Once again, these ideas rang true for me.  I know I’m not alone in seeing that one of the downsides of modularisation has been the compartmentation of knowledge.  Students do not necessarily see the connections between the different teaching within a module and less so between units.  It is one of the roles of the educator to make explicit the links to previous and future teaching, since they (hopefully!) have a better grasp of how the bits fit together.

Prof Reid emphasised that reducing the working memory load was emphatically not a call for ‘dumbing-down’.  The challenge is not to throw out the hard topics, but rather give conscious consideration to the order in which material is covered, to connections between material more overt and to break down complex items into more comprehensible sizes.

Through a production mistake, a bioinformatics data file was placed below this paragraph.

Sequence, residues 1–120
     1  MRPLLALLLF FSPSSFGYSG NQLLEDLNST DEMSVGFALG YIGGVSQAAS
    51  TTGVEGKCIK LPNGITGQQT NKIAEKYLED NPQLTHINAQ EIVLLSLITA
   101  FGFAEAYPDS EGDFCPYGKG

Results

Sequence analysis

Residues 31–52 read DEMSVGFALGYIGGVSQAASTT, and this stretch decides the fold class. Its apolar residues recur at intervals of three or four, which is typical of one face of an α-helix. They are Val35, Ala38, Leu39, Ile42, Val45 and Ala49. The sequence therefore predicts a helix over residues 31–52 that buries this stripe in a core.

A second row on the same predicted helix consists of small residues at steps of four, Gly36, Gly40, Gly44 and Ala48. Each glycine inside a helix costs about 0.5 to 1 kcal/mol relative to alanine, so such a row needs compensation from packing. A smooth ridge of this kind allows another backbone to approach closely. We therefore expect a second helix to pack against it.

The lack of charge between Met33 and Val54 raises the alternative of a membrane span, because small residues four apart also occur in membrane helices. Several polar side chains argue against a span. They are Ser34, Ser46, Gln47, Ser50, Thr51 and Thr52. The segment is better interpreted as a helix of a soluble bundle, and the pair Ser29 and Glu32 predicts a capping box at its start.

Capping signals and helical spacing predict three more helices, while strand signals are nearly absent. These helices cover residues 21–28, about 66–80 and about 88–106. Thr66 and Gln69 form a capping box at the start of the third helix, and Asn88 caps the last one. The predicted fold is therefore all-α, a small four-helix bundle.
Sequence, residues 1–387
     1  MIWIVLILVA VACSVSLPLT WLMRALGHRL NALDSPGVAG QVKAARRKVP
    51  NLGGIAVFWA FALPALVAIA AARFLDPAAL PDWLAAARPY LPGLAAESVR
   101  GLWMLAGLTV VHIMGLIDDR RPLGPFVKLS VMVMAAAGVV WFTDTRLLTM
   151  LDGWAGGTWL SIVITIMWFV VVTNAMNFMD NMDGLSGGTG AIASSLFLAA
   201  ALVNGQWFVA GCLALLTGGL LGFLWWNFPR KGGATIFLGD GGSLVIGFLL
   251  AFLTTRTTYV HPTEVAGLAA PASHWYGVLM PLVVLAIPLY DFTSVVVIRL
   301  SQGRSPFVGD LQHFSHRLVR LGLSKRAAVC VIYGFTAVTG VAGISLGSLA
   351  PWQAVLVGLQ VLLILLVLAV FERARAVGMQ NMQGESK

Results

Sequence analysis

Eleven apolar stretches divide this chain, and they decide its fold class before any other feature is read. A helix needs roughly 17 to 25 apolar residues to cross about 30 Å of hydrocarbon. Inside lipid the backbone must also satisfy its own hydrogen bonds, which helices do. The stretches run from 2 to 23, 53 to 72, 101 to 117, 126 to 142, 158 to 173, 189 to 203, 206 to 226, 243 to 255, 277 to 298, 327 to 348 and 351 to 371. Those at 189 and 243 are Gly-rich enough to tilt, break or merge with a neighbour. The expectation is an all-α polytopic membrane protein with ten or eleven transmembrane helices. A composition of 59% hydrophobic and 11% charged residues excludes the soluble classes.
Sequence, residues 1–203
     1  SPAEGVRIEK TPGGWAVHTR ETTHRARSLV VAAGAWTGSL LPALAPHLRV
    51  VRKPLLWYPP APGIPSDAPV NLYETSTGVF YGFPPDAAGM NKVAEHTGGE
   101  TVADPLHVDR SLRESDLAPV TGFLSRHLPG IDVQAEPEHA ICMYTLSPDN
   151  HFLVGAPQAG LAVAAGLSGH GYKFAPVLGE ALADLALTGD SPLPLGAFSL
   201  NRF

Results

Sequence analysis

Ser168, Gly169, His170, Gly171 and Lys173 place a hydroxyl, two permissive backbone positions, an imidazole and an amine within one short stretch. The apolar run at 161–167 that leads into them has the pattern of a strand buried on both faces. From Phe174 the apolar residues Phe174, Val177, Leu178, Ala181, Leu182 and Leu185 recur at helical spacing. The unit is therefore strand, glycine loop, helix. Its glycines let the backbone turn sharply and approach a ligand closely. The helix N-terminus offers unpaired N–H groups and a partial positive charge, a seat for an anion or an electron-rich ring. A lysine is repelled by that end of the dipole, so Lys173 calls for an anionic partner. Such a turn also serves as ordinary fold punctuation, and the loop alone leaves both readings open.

As the session moved towards questions, much of the discussion focussed on the research methodologies employed to produce the scientific data undergirding these views.  In particular, delegates and speaker alike expressed a frustration that the demands for ‘fairness’ meant that it was becoming very difficult to conduct proper comparisons between groups experiencing different teaching.  True, crossover studies (where group A is taught using method X and group B is taught using method Y, and then the two groups are swapped over for a second phase of teaching using the other method) can partially fulfil this need, but there are plenty of occasions when this is not truly feasible.  In consequence, many of the most informative studies have been performed outside of the UK.  Food for thought.